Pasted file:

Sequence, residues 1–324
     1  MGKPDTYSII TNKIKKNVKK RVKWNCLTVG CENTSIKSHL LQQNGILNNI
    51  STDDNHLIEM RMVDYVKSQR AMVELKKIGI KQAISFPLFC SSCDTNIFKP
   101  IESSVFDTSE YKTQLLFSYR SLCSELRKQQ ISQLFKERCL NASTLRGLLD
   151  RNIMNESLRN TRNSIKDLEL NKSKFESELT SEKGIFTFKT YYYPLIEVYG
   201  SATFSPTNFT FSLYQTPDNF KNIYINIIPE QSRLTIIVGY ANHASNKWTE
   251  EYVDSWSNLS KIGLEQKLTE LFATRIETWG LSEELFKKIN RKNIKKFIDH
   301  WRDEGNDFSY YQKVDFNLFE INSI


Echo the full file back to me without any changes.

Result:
Sequence, residues 1–324
     1  MGKPDTYSII TNKIKKNVKK RVKWNCLTVG CENTSIKSHL LQQNGILNNI
    51  STDDNHLIEM RMVDYVKSQR AMVELKKIGI KQAISFPLFC SSCDTNIFKP
   101  IESSVFDTSE YKTQLLFSYR SLCSELRKQQ ISQLFKERCL NASTLRGLLD
   151  RNIMNESLRN TRNSIKDLEL NKSKFESELT SEKGIFTFKT YYYPLIEVYG
   201  SATFSPTNFT FSLYQTPDNF KNIYINIIPE QSRLTIIVGY ANHASNKWTE
   251  EYVDSWSNLS KIGLEQKLTE LFATRIETWG LSEELFKKIN RKNIKKFIDH
   301  WRDEGNDFSY YQKVDFNLFE INSI